As payment models go, Prometheus is unique in that it rewards providers for not doing bad things. "Bad things" are defined as avoidable medical mistakes, like revolving hospitalizations for patients with chronic heart failure, allowing a diabetic's glucose level to spike, or failing to prevent a postsurgical infection. If the idea of rewarding a nonevent isn't intuitively attractive, you probably haven't had one of these "bad things" happen to you or an employee. Regardless, the point of rewarding nonevents shouldn't be lost on anyone: it saves money and gives hospitals and practitioners a very powerful incentive to deliver high-quality, efficient care. In fact, under Prometheus it's the only way they make significant margin.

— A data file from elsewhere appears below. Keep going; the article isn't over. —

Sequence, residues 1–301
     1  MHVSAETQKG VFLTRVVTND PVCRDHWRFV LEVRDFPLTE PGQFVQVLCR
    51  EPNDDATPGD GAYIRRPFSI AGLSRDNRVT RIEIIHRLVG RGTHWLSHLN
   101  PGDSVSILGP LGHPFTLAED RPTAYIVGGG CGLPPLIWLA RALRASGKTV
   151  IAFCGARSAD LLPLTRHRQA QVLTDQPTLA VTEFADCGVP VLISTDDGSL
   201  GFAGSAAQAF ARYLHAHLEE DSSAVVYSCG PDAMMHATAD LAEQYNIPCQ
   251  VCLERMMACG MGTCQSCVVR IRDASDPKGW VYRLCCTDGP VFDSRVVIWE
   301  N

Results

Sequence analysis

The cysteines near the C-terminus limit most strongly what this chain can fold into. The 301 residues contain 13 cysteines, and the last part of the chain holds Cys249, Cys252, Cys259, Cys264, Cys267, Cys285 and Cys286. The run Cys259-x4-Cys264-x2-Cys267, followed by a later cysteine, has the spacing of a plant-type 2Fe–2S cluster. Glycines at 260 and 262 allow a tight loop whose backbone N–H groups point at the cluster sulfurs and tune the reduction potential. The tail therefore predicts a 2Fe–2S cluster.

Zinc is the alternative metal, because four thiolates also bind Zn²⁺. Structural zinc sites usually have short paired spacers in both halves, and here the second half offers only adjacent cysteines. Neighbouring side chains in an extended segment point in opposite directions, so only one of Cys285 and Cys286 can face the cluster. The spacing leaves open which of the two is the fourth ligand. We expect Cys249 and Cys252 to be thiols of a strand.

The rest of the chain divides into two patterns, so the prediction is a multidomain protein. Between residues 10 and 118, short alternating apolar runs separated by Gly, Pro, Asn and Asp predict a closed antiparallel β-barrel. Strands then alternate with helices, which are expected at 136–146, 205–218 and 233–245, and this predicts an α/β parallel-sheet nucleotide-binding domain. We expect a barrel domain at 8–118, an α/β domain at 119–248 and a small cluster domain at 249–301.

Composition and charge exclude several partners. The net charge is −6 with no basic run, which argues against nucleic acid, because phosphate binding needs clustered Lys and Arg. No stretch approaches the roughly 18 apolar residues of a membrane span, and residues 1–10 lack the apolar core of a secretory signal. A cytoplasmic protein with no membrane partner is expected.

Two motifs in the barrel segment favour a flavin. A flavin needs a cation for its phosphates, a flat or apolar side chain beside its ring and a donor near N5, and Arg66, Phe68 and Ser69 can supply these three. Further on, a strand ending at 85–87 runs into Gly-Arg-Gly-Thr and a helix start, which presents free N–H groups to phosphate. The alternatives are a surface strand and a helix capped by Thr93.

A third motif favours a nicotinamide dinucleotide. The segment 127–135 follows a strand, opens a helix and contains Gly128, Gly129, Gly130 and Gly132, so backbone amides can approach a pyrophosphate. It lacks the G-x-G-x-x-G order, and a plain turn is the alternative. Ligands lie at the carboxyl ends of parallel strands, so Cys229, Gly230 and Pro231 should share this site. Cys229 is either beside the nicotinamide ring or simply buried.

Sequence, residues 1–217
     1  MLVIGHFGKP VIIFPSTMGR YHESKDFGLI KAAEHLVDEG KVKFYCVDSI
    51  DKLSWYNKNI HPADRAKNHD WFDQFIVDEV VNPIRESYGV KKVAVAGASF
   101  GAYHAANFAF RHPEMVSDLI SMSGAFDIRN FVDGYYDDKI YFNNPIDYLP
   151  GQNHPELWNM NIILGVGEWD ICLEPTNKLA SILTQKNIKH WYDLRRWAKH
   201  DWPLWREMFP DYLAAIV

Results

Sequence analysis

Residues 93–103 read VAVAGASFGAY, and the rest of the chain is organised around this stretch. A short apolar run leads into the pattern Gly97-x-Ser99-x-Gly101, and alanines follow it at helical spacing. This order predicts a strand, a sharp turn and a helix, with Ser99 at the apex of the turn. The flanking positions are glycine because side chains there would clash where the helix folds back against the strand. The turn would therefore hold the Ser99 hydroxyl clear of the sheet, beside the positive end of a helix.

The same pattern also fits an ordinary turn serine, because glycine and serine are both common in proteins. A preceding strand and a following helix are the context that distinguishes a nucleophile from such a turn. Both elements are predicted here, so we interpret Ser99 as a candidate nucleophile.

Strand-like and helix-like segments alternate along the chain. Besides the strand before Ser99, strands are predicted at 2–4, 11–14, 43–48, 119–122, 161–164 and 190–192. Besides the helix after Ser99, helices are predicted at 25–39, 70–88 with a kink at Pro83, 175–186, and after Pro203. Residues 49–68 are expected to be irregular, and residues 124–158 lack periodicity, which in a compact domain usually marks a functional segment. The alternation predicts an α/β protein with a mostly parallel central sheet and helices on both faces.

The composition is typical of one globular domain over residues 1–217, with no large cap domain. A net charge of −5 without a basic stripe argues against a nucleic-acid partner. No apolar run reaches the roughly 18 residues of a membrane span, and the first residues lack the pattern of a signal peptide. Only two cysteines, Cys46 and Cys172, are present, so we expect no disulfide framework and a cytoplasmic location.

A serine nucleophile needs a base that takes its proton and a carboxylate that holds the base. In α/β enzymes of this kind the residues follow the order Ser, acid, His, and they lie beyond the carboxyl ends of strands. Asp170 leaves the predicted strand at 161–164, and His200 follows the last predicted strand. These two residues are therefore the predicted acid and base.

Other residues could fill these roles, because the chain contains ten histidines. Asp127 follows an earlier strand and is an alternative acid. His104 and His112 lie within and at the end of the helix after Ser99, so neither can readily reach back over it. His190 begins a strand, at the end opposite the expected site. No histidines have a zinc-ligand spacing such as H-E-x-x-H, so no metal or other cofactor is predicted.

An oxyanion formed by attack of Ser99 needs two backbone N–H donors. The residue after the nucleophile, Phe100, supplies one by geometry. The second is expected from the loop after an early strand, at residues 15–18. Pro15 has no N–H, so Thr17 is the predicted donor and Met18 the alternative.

In practice, here's how Prometheus works:
Step 1. An expert panel establishes an evidence-informed case rate (ECR) for a particular illness or condition. This is essentially a calculation of the resources needed to deliver all the care by all providers and institutions to correctly treat an individual with that particular condition. ECRs are adjusted for severity and other factors, and exist only for conditions where robust, agreed-upon national clinical guidelines or expert opinion have been established. Thus far, 17 ECRs exist, including ones for several of the nation's most expensive and prevalent conditions. For a full list, click here. It's important to note that ECRs include a reasonable profit margin